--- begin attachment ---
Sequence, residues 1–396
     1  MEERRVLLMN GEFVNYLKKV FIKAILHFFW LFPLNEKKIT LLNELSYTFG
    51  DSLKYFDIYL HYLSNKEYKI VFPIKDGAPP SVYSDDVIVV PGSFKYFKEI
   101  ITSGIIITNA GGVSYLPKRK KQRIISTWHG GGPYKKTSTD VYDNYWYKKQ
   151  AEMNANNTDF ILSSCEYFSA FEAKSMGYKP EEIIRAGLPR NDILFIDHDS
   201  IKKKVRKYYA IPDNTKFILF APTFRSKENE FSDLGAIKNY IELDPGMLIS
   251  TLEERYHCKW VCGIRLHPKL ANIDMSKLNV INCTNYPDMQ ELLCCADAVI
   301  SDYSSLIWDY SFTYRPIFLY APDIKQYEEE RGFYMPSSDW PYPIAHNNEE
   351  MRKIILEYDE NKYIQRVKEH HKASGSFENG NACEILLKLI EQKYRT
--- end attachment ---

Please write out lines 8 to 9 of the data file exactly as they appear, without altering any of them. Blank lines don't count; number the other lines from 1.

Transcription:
   301  SDYSSLIWDY SFTYRPIFLY APDIKQYEEE RGFYMPSSDW PYPIAHNNEE
   351  MRKIILEYDE NKYIQRVKEH HKASGSFENG NACEILLKLI EQKYRT